December 10, 2010
"When are these crusaders gonna realize they can't win?," Baltimore bomb plotter Antonio Martinez boasted on his Facebook page on August 4th. "How many more lives are they willing to sacrifice. ALLAHUAKBAR." As details emerge about the plot to bomb a military recruitment center in Baltimore, MD, one thing is clear—Facebook is having a coming out party as the new go-to place for Jihadi recruitment, radicalization, and planning.
According to an internal DHS memorandum from early 2010, "jihadi supporters and mujahideen are increasingly using Facebook, one of the largest, most popular and diverse social networking sites, both in the United States and globally, to propagate operational information." While the DHS report, reported on earlier today by FoxNews.com, provides an academic study of terrorist groups' infiltration of social networking sites, an IPT analysis of the Facebook accounts of Martinez and his friends and associates shows that the threat is very real.
Facebook features pages devoted to convicted and suspected terrorists, radical clerics, and terrorist organizations. One page, dedicated to Faisal Shahzad, who's now serving a life sentence for trying to detonate a car bomb in Times Square, has been "liked" by 30 people. Another page for Omar Hammami—aka Abu Mansoor al-Amriki—a Daphne, Ala., native now serving as an operational commander for al-Shabaab in Somalia, has been "liked" by 26 people. Anwar al-Awlaki, a leader and spiritual advisor to al-Qaida in the Arabian Peninsula (AQAP), has 24 supporters. Al-Awlaki has been designated by the United States government as a terrorist; Hammami has been indicted for his close personal links to the designated, al-Shabaab.
Martinez's page includes links to numerous nasheeds—Islamic-oriented songs, often sung a capella—most of which appear to have been originally published by al Qaida's As-Sahab Media. Commenting on one such video of jihadis engaging in acts of terrorism, Martinez writes "ALLAHUAKBAR!!!!!!" On another, he explains "Shaheed is the goal and the women of paradise is waiting. So why are we delaying o brothers? Lets meet our wives in the paradise inshallah and reap the fruits of the 1 who struggles for Allah and His deen."
A friend of Martinez who goes by the name Mohamed Momo, lists Faisal Shahzad, Anwar al-Awlaki, and As-Sahab Media among his interests. Momo's list of friends on Facebook includes a smorgasbord of likely jihadist-sympathizers—judging from the contents of their profiles—mixed in with well known American Islamists. One such individual is Imam Siraj Wahhaj, the spiritual leader of Masjid at-Taqwa in Brooklyn, N.Y. Wahhaj has had a long history of virulent speech against America and Jews, and appeared on a list of unindicted co-conspirators during the trial for the 1993 bombing of the World Trade Center. Additionally, Wahhaj served as a defense character witness on behalf of the planner of the attack, Omar Abdel-Rahman (aka the "Blind Sheikh").
Reviewing these pages, the case against Martinez presents a perfect example of how terrorists—who have traditionally sought to exploit new and alternative media—are increasingly turning to social networking sites to spread propaganda, direct users to more radical websites and forums, exchange operational and tactical guidance, and for reconnaissance and targeting purposes.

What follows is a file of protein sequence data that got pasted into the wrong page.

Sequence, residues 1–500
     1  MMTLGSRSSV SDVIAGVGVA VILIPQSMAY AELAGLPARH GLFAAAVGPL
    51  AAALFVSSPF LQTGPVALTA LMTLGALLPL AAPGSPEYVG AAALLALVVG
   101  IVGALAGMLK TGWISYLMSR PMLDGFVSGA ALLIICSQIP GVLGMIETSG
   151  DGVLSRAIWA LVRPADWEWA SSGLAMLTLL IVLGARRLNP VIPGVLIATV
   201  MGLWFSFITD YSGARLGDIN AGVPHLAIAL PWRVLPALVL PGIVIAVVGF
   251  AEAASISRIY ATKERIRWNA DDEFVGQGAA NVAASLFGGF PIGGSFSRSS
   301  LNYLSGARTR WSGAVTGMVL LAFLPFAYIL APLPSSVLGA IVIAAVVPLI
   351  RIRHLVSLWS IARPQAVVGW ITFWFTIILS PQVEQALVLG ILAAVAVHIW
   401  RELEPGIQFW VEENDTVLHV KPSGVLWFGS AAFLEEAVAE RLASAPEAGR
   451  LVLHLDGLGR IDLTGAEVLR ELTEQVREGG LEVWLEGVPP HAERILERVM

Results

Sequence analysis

Terrorist organizations and their supporters have consistently utilized developing technologies to spread their message, and social networking sites are only the newest method. Highlighting the use of Facebook to "share operational and tactical information," and "as a gateway to extremist sites and other radical content," the DHS report demonstrates how radicals have taken to the web to promote their message of hate.
In one example, DHS explained, "explosives related material, informational videos with titles such as 'tactical shooting,' 'getting to know your AK-47,' 'how to field strip an AK-47,'" were collected from a Facebook group with over 2,000 members. "Links to al-Qaida videos on YouTube, propaganda videos featuring wounded and dead Palestinians in Gaza, and videos promoting female suicide bombers were all openly accessible as well."
DHS also highlights how more than simply posting radical propaganda, Facebook is increasingly being used for its discussion forums to "spread ideological, tactical, and operational information." As an example, the report references a statement on a forum by a known radical:
"This [Facebook] is a great idea, and better than the forums. Instead of waiting for people to [come to you so you can] inform them, you go to them and teach them! God willing, the mujahideen, their supporters, and proud jihadi journalists will [use the site, too]. [First,] it has become clear that the market of social networking websites is developing in an astonishing manner and that it fulfills important needs for Internet users, particularly younger ones."
Finally, and a threat that the DHS report appears to recognize is still in its infancy, Facebook is increasingly being used for "remote reconnaissance for targeting purposes." The Shin Bet security agency has recognized terrorist use of social networking sites for remote reconnaissance, warning Israeli soldiers about posting sensitive information: "terror organizations are using these [social networking] sites to tempt Israelis to meet up in person in order to either abduct them, kill them or recruit them as spies."
While the DHS report provides anecdotal evidence of Facebook's use by radicals and terrorists, the case of Antonio Martinez and his Internet ilk demonstrate the severity of the threat.
This article was originally published here.